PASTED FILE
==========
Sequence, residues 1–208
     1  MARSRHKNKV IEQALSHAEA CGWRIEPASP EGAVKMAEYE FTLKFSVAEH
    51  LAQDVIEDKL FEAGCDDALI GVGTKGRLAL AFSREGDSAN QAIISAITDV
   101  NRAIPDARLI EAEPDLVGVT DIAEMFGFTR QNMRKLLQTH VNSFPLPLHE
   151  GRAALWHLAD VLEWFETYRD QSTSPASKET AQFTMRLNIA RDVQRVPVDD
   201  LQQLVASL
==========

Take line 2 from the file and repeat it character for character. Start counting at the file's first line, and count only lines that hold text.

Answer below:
     1  MARSRHKNKV IEQALSHAEA CGWRIEPASP EGAVKMAEYE FTLKFSVAEH